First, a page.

Tamil Nadu e-procurement system not transparent, says CAG report

None of the estimated 1.45 lakh inter-state migrant construction workers were registered with the TNCWWB, the report said.

BySouth First Desk

Published Jun 30, 2024 | 10:51 AM Updated Jun 30, 2024 | 12:15 PM

CAG Report. Representational Image. (Creative Commons)

The Tamil Nadu Construction Workers Welfare Board (TNCWWB) did not initiate effective action to bring the inter-state migrant workers under its fold, a report of the Comptroller and Auditor General (CAG) of India said on Saturday, 29 June.

None of the estimated 1.45 lakh inter-state migrant construction workers were registered with the TNCWWB, the CAG Performance Audit on Welfare of Building and Other Construction Workers of Tamil Nadu for the year 2024, said.

The CAG also said the envisaged objectives of the e-procurement system in the state, namely, promoting competition and transparency in the procurement process, were not achieved and the patterns of bidding indicated bid rigging and cartelisation.

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‘Welfare schemes suffered’

Implementation of welfare schemes for the benefit of registered workers suffered due to abnormal delays in the processing of claims made by registered workers.

“Lack of clarity on scheme implementation had resulted in extending benefits to potentially ineligible persons. Lack of due diligence had led to non-extending benefits to a large number of beneficiaries during the Covid-19 pandemic and simultaneously, a significant number of beneficiaries received assistance more than once,” the report tabled in the Assembly stated.

Significant shortfalls in achievements under the Mission Mode Project, launched by the Government of India, contributed to deficiencies in the implementation of welfare schemes.

The report said that TNCWWB did not maintain a database of Cess assessed, collected and remitted and thus lacked a system to ascertain the quantum and timely assessment of Cess.

“The audit found significant shortcomings in registering Establishments/Employers by the Directorate of Industrial Safety and Health (DISH), which adversely impacted the scope for data sharing with TNCWWB to ensure assessment of Labour Cess,” it said.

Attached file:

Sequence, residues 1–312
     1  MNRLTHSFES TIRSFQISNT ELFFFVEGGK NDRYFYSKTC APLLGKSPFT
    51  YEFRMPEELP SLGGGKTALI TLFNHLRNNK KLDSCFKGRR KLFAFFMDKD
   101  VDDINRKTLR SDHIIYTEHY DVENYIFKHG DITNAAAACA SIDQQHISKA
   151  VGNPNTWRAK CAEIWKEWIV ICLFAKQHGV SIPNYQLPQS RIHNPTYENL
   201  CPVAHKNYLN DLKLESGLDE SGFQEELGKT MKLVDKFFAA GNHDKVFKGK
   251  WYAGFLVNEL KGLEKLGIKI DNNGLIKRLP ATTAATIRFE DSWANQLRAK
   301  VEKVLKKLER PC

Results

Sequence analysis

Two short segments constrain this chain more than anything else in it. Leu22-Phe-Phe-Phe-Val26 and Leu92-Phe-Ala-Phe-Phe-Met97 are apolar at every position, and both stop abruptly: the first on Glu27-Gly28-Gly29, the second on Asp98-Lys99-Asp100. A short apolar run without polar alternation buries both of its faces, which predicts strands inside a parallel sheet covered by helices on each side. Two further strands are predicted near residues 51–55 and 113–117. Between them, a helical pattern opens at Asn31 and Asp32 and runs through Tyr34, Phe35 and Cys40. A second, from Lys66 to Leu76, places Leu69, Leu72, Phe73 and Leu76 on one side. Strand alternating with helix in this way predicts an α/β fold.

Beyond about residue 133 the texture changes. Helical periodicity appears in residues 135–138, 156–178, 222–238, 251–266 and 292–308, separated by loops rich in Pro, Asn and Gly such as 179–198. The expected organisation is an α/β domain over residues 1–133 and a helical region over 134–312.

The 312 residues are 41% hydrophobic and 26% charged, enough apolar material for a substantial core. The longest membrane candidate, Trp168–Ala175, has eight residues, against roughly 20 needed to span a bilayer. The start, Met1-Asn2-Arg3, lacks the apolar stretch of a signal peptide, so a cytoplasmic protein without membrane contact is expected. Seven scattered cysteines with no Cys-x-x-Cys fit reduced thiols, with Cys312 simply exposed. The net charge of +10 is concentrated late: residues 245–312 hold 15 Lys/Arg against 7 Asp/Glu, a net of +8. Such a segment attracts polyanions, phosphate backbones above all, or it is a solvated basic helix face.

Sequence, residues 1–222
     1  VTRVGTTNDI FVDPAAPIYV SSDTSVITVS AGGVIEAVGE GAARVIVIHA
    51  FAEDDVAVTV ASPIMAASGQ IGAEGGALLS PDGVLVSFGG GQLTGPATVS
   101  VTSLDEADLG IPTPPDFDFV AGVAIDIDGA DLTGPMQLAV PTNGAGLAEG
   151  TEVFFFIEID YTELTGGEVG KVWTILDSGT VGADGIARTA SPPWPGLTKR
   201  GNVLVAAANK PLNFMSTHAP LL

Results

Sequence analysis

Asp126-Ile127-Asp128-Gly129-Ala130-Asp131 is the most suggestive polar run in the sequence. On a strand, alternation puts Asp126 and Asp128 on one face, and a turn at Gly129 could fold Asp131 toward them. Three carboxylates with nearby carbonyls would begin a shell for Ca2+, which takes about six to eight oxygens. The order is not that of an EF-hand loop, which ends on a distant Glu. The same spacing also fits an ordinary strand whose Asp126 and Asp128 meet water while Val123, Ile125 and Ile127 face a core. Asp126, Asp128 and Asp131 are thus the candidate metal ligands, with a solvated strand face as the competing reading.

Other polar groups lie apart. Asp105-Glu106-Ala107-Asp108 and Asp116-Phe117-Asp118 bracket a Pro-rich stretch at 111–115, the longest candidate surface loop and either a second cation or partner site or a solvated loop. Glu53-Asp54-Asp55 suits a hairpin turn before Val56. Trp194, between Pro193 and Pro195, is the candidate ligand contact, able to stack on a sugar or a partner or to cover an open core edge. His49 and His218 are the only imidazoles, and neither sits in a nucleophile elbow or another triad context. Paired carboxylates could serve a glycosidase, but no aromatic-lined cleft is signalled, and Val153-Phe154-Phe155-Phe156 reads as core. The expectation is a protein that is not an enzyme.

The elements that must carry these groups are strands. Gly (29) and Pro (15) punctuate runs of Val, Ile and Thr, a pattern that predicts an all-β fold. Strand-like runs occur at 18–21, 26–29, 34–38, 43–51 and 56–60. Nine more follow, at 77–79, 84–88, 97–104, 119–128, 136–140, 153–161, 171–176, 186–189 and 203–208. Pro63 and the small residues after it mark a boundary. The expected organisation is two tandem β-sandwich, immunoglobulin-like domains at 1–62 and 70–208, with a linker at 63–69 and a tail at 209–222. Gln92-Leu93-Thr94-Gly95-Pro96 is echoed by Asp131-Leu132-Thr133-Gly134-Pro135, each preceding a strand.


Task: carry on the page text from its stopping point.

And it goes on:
‘Significant undervaluation of cost’

The audit found significant undervaluation of the cost of construction by applicants for building permits, and the local bodies who were to collect the Labour Cess at the time of approving the building permits did not have a system to ensure the correctness of the estimated value of the construction.

Despite the creation of TNCWWB in 1994, significant shortfalls continued in the registration process of unorganised construction workers.

“The manual as well as the electronic data of registered workers had significant shortcomings. Inaccuracies in capturing vital data such as Aadhaar number, mobile number and bank account number of the registered workers compromised the quality of the registration database,” it said.

Deficiency in the identification of eligible construction workers through proper surveys resulted in the non-registration of a significant number of workers.

The CAG made 20 recommendations including asking the government to ensure that TNCWWB maintains an updated database of all Cess remitting institutions and establishments and framing guidelines for the estimation of construction cost of buildings for which building permits are approved by local bodies, and TNCWWB should ensure adherence to the guidelines.

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‘Noticed cartelisation’

The e-procurement pattern, viz, bid rotation, bidders with family relationship, bid submission from procuring entity computers, different bidders placing bids for a tender from the same IP address, coded intimation by bidders indicative of bid rigging and cartelisation were noticed, the report for 2023 tabled in the Assembly said.

“These fraudulent practices among the bidders and the failure on the part of the officials involved in the evaluation and approval of the tenders derailed the efforts of the government of TN in increasing participation, reducing costs, enhancing transparency and improving the procurement system,” it said.

Data analysis of 1.34 lakh tenders for which valid bids were received revealed that 444 bids submitted in 208 tenders were received from bidders having the same address registered in the eProcurement portal and were submitted from the same IP address.

“The instances point to collusive bidding as either the bidders from different geographical locations of the state submit the bids from the same IP address or submit the bids from the Department’s premises indicating that the Department was a party to it,” it said.

There was no ‘Centre of responsibility’ to coordinate and monitor the functions of the eProcurement portal. 74 percent of the procuring entities did not utilise the e-Procurement portal even after a lapse of 15 years since inception.

Non-uploading of tender evaluation reports rendered the eProcurement system incomplete affecting the transparency and objectivity of the tender process and perpetuating dependence on manual records.

Further, the prescribed timelines as per Tamil Nadu Transparency in Tender Rules, 2000 (TNTIT Rules) were not followed by the departments and the software was not designed to incorporate the timeline-related provisions of TNTIT Rules, it said.

(With PTI inputs)

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